"With one out, they were in a situation of just trying to put the ball in the air for a sacrifice fly, or just get a ground ball to get the run in. I was fortunate to get enough of the ball to make a play." Seventh inning, bases loaded, two outs: Craig Biggio plants a smash between the foul line and Crede, who backhands it and fires to first base to extinguish another Houston flame. "Crede has done that all year," White Sox catcher A.J. Pierzynski said. "You stick Crede over there and he'll catch it. That's just Joe. He's very underrated as a player." Not in his own clubhouse. "Unbelievable," said Konerko, offering his one-word review of Crede's plays. ."He's the story of the game for me. Those plays at third ... I don't think anybody can appreciate them unless you're on field level. "Those are absolutely bullets that are getting hit down there. It's wet, coming off the grass. He's been making great plays all year, so it doesn't surprise me. In the World Series, you see the ball get hit hard and you have a bad feeling, but then he comes up big. "He makes a great throw across the diamond. Sometimes you don't see guys make good throws off that. He's made my job easy over there." A small town boy (Westphalia, Mo.) who enjoys, even prefers, anonymity, Crede had already pretty much blown his offensive cover with a string of late-season and postseason hits at the most critical situations. Now his glove prowess is also coming to light. His teammates yawn over plays that daze opponents and fans, because they've been watching them for years. Crede isn't sure he is ready to be "discovered." But if it benefits the White Sox, if it moves them closer to a World Series championship, he'll cope with it. "It's been an awesome ride," he said of a wave he has straddled for six weeks, "making this definitely one of the years I'll remember. "For me, it's always about going out and helping my team win. I try to get the hits when they count and when they mean the most for the team." All of his hits seem to have counted since the two homers on Sept. 20 that beat Cleveland in an extra-inning game and protected the White Sox shrinking American League Central lead, and their sanity. The spotlight has repeatedly found him ever since, and he has answered without fail. It's all that small-town blood in his veins. It runs cold. "You try to control your nerves," he said. "That's the biggest part of it, trying to calm yourself down -- don't try to do too much, just put good wood on the ball and hopefully you can do something positive with it." Hitting it into the teeth of a defense that doesn't have him at a corner is already a positive.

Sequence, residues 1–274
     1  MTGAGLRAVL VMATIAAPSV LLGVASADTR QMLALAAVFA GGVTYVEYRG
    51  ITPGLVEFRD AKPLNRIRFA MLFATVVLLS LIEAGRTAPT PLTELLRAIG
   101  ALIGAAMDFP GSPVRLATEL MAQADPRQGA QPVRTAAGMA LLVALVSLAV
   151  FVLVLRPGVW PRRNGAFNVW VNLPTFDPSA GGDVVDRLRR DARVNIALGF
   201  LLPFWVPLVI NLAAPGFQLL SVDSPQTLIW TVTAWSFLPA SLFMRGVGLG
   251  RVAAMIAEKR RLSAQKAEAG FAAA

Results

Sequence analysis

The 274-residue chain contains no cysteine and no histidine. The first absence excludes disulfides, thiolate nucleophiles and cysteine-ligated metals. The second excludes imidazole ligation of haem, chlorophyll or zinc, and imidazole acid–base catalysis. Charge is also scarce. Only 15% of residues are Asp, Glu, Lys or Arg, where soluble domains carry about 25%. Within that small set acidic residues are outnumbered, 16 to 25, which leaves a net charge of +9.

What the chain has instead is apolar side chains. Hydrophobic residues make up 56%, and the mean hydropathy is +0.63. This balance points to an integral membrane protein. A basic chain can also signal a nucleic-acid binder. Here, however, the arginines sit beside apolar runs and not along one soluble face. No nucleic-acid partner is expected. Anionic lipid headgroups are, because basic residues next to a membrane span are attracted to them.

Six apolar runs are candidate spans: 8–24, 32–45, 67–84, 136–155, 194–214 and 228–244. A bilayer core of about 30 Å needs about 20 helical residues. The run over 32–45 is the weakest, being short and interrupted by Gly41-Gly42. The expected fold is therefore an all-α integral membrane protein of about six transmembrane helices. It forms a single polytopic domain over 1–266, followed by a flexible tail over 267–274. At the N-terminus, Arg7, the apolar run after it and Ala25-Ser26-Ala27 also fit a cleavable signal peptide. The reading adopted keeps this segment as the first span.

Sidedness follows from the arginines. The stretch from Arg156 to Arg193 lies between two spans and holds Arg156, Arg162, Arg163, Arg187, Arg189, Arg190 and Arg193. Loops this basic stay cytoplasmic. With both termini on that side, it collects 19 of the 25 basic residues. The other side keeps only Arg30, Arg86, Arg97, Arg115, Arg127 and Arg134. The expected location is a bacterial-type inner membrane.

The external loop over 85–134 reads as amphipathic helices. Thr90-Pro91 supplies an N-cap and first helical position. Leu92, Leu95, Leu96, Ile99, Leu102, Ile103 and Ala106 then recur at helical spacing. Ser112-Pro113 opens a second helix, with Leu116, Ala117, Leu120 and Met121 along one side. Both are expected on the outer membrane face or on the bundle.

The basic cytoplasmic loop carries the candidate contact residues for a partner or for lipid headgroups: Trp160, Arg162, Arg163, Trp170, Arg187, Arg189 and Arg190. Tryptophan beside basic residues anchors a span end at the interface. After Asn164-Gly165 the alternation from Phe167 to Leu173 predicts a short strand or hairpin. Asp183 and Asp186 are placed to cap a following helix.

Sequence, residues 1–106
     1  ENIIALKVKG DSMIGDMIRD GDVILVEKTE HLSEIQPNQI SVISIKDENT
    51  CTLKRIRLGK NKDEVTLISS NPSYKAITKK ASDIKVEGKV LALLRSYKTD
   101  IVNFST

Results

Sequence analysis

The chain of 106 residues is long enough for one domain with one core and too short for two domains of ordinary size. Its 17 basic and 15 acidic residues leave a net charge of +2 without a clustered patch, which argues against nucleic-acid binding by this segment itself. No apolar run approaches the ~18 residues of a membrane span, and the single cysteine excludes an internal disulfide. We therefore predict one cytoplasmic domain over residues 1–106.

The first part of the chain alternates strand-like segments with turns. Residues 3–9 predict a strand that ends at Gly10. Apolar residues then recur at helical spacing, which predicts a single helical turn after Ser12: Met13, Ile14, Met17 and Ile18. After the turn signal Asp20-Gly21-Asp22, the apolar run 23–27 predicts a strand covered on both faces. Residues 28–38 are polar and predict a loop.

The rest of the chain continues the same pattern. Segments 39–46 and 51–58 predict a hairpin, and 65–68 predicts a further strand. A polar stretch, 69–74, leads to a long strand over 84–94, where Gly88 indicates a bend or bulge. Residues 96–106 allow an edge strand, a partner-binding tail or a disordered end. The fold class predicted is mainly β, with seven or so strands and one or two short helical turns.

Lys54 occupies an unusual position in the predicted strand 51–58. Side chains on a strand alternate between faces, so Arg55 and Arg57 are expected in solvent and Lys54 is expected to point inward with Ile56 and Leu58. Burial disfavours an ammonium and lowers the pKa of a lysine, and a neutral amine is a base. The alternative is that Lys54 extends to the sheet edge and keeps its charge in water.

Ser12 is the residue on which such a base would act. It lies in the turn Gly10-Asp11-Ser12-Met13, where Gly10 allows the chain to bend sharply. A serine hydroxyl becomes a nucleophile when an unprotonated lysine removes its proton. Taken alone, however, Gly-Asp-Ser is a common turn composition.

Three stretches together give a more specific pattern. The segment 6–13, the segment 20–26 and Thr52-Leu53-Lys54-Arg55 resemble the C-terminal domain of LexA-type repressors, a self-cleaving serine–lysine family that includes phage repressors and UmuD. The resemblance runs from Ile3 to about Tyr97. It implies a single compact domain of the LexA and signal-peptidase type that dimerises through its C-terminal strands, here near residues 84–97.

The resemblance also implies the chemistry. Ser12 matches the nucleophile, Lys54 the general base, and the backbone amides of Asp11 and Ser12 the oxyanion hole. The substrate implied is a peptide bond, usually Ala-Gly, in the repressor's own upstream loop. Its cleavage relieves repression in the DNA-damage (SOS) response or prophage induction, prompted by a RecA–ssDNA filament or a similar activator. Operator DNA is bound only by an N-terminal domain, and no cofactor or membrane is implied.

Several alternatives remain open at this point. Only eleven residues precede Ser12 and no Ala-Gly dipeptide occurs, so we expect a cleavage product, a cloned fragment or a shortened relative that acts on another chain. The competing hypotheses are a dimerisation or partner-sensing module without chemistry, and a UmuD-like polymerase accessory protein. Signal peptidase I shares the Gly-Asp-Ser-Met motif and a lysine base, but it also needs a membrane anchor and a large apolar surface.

Tom Singer is a reporter for MLB.com. This story was not subject to the approval of Major League Baseball or its clubs.